Local Charity Support the Girls Australia (STGA) provides homeless and low-income women with bras and feminine products at their monthly Bra Gifting events at Southport Community Centre.
The service with a smile attitude at Support the Girls Australia’s Bra Gifting event created a safe and friendly environment.
Attendees to the event are women and girls marginalised by their current situations, which include living on a low income, being affected by domestic violence or abuse, and being homeless.
The women hear about the event through friends, social media, and via other support services, and can reserve a place at the event through Eventbrite.com.
The monthly event can see up to 100 women be professionally fitted and supplied with bras.
Attendees also receive new underwear, toiletry packs, haircuts, and other pampering services, plus morning tea.
STGA has teamed up with BreastScreen Queensland and NSW BreastScreen so event guests are also able to book free mammograms on the day.
The charity’s CEO and founder Jane Holmes said the bras themselves were important, but said the event also allow a foundation for providing deeper support.
Ms Holmes said event attendees came together in a comfortable and safe space where they were given the opportunity to connect and receive face-to-face support.
❝You actually need to mentor people, so that is what our purpose is,” she said.
“The bras and the sanitary products, that is the connecting tool, but it is more than that.❞
Founded in 2016, STGA aims to help women in need achieve overall wellbeing through dignity, hygiene and health.
According to the 2016 Australian Bureau of Statistics Census, more than 1700 people are believed to be homeless on the Gold Coast, 220 of which are sleeping rough.
Of this figure, around half are believed to be women, which is slightly higher than the national average.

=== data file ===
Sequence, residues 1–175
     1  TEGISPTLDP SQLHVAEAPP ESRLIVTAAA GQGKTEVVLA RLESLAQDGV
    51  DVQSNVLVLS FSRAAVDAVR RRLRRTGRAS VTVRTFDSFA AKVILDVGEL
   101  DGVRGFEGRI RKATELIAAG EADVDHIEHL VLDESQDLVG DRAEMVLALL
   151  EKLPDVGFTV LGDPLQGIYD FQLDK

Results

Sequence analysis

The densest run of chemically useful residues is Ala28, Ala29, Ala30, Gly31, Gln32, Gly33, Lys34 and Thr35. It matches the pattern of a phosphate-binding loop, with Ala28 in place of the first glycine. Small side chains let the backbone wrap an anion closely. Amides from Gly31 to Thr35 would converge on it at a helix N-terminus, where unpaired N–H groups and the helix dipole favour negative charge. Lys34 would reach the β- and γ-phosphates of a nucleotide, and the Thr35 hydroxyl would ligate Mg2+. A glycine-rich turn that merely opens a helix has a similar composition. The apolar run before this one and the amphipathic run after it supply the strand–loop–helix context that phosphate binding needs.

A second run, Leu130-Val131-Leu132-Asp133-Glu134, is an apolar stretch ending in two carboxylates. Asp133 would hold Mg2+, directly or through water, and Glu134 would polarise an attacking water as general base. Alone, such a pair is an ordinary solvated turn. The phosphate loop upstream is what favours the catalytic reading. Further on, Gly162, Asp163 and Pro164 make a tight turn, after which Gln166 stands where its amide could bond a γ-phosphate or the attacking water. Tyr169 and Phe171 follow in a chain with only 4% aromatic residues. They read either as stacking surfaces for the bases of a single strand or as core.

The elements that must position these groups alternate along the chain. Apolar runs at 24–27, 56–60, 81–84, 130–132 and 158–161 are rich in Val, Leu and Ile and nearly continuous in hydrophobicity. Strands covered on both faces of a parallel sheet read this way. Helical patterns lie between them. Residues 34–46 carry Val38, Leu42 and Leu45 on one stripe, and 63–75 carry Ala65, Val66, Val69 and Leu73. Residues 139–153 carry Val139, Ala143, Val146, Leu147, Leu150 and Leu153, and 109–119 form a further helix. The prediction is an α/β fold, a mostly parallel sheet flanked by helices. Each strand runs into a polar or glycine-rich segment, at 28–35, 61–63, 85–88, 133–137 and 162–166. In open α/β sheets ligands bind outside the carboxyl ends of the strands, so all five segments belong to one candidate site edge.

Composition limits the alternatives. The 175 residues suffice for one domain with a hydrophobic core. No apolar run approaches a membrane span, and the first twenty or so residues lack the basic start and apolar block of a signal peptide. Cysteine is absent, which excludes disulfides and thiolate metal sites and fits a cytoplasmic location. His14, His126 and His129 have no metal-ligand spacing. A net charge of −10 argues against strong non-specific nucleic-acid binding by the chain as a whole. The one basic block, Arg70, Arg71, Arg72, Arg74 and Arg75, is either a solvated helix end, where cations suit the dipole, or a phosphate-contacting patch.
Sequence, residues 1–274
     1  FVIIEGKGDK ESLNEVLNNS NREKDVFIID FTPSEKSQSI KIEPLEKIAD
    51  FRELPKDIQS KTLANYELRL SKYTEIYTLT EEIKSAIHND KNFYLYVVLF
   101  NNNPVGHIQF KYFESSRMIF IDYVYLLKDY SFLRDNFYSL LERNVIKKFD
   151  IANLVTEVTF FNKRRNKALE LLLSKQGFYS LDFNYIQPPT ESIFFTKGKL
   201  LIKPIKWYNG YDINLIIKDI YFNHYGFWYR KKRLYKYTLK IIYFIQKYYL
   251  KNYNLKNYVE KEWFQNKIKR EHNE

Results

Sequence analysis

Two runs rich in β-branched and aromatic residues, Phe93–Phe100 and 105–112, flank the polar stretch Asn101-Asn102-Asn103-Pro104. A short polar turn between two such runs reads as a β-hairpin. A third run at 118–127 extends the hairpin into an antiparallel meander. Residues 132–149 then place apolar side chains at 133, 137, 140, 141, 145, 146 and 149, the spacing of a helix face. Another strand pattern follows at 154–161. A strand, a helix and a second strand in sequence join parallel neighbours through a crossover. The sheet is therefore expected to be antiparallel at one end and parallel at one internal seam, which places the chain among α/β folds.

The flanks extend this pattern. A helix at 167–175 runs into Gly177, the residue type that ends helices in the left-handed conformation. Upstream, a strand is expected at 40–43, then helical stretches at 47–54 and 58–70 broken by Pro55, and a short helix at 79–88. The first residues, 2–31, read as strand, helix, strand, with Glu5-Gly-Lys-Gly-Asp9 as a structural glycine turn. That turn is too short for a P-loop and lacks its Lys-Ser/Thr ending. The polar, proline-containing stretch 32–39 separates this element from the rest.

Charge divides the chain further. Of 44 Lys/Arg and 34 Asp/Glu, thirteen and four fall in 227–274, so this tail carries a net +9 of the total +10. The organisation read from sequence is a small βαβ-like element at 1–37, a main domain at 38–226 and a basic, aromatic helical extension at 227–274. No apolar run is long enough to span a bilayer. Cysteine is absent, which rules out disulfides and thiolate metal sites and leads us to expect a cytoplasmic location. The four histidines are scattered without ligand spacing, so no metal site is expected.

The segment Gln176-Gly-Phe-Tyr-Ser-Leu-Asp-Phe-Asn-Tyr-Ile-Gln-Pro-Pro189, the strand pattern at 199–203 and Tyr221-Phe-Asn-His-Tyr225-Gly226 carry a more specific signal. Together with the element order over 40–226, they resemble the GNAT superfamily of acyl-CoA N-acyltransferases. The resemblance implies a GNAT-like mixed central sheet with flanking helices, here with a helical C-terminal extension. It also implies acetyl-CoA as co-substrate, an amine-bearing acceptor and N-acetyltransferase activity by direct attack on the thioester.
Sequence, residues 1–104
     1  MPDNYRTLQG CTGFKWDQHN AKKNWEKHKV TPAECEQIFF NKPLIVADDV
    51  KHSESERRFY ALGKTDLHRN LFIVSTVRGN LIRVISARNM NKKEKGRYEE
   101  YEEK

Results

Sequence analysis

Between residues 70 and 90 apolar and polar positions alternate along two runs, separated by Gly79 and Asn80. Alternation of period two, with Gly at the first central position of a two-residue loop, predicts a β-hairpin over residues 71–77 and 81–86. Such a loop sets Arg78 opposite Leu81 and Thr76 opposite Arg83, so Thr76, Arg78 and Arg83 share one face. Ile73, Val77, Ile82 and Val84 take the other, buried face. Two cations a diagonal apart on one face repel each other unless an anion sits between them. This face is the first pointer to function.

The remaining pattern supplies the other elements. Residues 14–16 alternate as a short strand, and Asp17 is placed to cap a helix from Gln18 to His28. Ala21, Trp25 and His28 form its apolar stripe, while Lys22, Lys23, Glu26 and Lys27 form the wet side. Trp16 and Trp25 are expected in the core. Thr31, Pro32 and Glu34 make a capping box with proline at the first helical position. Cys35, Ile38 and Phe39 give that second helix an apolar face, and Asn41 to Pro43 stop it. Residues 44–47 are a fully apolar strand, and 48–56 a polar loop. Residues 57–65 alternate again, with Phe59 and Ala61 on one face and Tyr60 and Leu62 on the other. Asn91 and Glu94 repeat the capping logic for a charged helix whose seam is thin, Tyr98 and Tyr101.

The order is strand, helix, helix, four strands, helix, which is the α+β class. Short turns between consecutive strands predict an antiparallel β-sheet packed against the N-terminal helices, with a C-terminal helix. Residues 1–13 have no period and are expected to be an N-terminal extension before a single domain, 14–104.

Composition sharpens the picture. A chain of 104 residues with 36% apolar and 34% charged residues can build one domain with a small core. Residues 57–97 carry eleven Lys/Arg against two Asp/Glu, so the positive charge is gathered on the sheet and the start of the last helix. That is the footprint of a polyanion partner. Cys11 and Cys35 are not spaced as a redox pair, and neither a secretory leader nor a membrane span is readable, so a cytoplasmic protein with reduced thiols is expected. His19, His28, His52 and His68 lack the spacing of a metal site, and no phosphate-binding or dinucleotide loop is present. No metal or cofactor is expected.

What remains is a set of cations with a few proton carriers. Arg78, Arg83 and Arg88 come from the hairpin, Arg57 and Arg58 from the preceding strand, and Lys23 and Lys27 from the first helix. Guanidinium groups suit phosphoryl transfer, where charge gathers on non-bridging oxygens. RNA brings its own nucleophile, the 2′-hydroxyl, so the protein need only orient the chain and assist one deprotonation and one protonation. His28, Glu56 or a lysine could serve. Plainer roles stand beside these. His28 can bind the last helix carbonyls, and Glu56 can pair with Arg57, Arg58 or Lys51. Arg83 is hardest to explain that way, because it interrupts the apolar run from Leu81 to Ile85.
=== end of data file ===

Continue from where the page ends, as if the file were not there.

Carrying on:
Up to 100 gift bags containing bras, sanitary products, and underwear are given to women on low or no income at the Bra Gifting events.
Ms Holmes said she built the charity from a “place of understanding” based on her own confronting experiences as well as a 10-year career in crisis counselling with the New Zealand Police Force.
Ms Holmes’ husband committed suicide years ago, leaving her a single mother of three.
She said in in January 2016 she was approached while shopping at the Gold Coast by a 13-year-old girl who asked her for sanitary products.
After buying the young teen some tampons and lunch, Ms Holmes discovered the girl was homeless and was living under a bridge with some older women.
The girl took her to the bridge, where she says she met an elderly homeless woman who had no bra and who had resultant friction wounds.
Ms Holmes told her she would find her a support service that did bras, but discovered no such service existed.
❝So that was the birth of Support the Girls; to empower women with bras, because [the support services] I spoke to, they [had] never thought about,❞ she said.
Ms Holmes said the average woman had between 10 and 15 bras in her lingerie draw, but only really wore a select few.
❝How about if you could give one of those to someone who needs it?❞ she said.
❝It resonates; we all take it for granted.❞
Ms Holmes estimates that at least 35 to 40 of the 100 women that come to the event each month have a background of domestic violence.